O’Connell’s remarkable managerial accomplishments in Spain would put him on the footballing map. In 1922, he became manager of Racing Santander (1922-29) on the north coast of Spain. While one can speculate as to why Patrick made the move to Spanish football, it may not be a coincidence that he inherited a managerial position vacated by Englishman, Fred Pentland. Whether by opportunism or good fortune, O’Connell had set the stage for his managerial legacy. He spent almost seven years in charge of Santander. When the offside rule was redefined in 1925, O’Connell became a proponent and pioneer of the “offside trap”. Racing would become one of the founding members of La Liga (Primera Liga) during his final year in charge. His next appointment was in the Segunda with Real Oviedo (1929-31). Once again, he filled a position first held by Pentland. He would leave Oviedo the year before their promotion to La Liga and traverse the length of Spain, to the city of Seville and to Real Betis (1932-35). It was at Betis that a true account of the footballing genius would begin to unfold.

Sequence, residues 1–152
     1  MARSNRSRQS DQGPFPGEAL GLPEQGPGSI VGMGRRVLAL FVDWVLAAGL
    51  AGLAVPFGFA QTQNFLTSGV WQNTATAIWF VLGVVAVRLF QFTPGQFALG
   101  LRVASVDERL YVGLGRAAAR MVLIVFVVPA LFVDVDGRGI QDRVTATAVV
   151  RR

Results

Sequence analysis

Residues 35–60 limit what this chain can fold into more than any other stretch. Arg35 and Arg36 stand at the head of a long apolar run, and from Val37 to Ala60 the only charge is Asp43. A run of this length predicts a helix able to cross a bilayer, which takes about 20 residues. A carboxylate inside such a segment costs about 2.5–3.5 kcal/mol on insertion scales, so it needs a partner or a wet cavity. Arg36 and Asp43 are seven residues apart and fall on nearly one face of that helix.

In 1935, O’Connell led Real Betis to their sole La Liga title to date, piping Real Madrid to the championship by one point. It was a monumental achievement, given that Real Betis weren’t even considered the best team in Seville. O’Connell’s defensive expertise was evident in the goals-against column – just 19 goals conceded in 22 games. However, a scandal was brewing! To win the title and deny Madrid CF, Real Betis would have to beat Racing Santander on the north coast on the last day of the season. The night before the game, or so the story goes, O’Connell visited some old friends in the Santander squad. Over a drink or two, O’Connell is rumoured to have said, “You’ve got nothing to play for tomorrow. You won’t kill yourselves to beat us will you?” To which the reply came, “I’m sorry, Mister, but Madrid wants us to win. Our president, José María Cossio, is a Madrid fan himself and is offering us 1,000 pesetas per player if we win.” And there the story ends. Whether old-fashioned small talk, or a casual attempt to gain an advantage, it appeared to matter little as Betis proceeded to trounce Santander 5-0 and lift the trophy. During his time in Seville, Patrick’s personal life took a surreal twist. He met and married an Irish woman, not dissimilar to the woman he was still married to in Ireland. Neither woman knew of each other, or that they were both called Ellen! Despite his bigamous situation, he still managed to financially support his family in Ireland.